|Interview with Jon Nevett and Mason Cole of Donuts|
Donuts filed for distribution rights of 307 new gTLDs
| 6:54 pm on Nov 6, 2013 (gmt 0)|
|This month, I had the opportunity to interview Jon Nevett and Mason Cole of Donuts, the largest filer of generic top-level domains (gTLD) applications . . a company that filed for 307 gTLDs, including most notably .COMPUTER, .CONDOS, .EMAIL, .ENTERPRISES, .FASHION, .MEDIA, and .NETWORK . . |
. . Its first batch of domains including .LIGHTING, .GURU, .VENTURES, .CAMERA, .CLOTHING, .HOLDINGS, .SINGLES and .VOYAGE have entered or will soon enter the sunrise period -- a time for exclusive access to registrations for trademark holders . .
"At a high level," said Nevett, "the existing name space is overused and worn out. As new businesses start up, they can't find what they want in the existing name space so they end up with a crazy mix of consonants and vowels because that's all that's available in dot com. . . Small businesses like plumbers or contractors don't need to be in a domain with the millions of pizza shops, they need to be in the .PLUMBING or .CONTRACTING domain that makes sense for their businesses."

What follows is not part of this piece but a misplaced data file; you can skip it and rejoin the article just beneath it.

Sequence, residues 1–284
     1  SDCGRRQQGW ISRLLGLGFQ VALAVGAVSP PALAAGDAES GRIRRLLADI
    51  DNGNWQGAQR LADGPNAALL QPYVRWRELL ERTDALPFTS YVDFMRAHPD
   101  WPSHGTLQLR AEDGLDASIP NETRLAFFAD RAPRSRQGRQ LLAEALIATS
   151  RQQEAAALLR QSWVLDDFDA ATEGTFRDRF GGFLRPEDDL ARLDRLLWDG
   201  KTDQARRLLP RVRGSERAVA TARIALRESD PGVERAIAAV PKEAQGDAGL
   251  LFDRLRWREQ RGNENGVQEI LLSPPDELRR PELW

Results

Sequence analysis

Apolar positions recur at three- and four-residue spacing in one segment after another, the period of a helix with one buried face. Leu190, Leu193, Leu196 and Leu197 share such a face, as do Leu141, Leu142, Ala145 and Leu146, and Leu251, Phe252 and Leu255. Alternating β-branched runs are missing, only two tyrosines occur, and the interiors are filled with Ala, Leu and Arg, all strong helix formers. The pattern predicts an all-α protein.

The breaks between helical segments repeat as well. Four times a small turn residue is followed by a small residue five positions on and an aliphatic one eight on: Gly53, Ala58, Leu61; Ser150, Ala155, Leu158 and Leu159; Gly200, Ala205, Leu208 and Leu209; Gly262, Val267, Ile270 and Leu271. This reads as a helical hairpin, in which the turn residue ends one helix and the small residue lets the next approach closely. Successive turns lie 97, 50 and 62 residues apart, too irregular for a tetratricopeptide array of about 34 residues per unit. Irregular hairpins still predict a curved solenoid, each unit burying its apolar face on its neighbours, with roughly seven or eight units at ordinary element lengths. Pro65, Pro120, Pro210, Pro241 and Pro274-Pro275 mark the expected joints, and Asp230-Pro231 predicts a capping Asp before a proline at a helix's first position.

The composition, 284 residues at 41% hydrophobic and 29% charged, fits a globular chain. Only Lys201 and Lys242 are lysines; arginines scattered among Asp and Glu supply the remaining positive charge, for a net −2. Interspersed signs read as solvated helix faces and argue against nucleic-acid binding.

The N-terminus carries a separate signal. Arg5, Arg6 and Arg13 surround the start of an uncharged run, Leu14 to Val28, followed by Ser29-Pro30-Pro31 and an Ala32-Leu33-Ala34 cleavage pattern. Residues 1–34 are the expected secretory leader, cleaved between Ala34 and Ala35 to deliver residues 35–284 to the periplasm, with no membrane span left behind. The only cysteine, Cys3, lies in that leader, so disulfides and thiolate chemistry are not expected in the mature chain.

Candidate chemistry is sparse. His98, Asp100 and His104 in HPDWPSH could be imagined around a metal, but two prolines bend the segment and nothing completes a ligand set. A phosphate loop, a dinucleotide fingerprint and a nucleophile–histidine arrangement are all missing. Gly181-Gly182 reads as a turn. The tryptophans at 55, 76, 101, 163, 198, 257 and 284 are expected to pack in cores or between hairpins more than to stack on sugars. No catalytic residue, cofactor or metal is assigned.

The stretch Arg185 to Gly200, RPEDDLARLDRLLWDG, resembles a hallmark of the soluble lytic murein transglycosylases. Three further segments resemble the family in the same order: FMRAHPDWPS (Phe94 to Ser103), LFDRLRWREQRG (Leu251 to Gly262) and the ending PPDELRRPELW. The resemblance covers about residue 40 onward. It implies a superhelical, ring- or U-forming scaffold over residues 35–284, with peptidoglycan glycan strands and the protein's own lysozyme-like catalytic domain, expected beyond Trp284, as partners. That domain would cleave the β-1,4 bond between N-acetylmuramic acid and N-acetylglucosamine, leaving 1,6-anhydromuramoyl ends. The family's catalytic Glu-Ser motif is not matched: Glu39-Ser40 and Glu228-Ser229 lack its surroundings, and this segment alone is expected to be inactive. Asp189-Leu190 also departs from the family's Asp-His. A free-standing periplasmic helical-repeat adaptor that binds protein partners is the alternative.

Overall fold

Full Clickz article here: [clickz.com ]
Are you buying their argument or their domains?
How did we ever survive without 1000s of alternative gTLDs . . and how will we exist with this new paradigm?
Will they attempt to sell that Google will somehow favorably treat a new gTLD in its ranking formulas? How will that play . . or not . . with Goggle, itself, applying to act as registrar of ~100 gTLDs? Think the FTC or the EU might want to take a look to see if favorable treatment is a bad idea?
Interesting times. Are you thinking ahead . . or sitting back? Entitle this "There Will be Blood" or "The New Frontier"?
| 8:54 pm on Nov 6, 2013 (gmt 0)|
To quote a great philosopher, it's Deja Vue all over again. There was an artificial drought created in the domain name business between 2005 and 2010. It was caused by Domain Tasters hoovering up all the good domains from the daily drops. It basically created the "all the good domains are gone" situation. But the problem was that it also created a monster beyond ICANN's grasp - that of the ccTLDs. The growth of the ccTLDs in this period was massive. Now when ICANN was shamed into doing something about the Domain Tasting problem, the problem disappeared. Many of the new gTLDs would have had their genesis in this artificial drought. But they are, for the most part, trying to solve a problem that has already been solved. But more importantly, the market has changed.
The Nixon presidential campaign quote springs to mind but some of them were in the business of selling used domains. :) Now I have to figure out if I should develop a good new gTLD orientated domain name or sell it.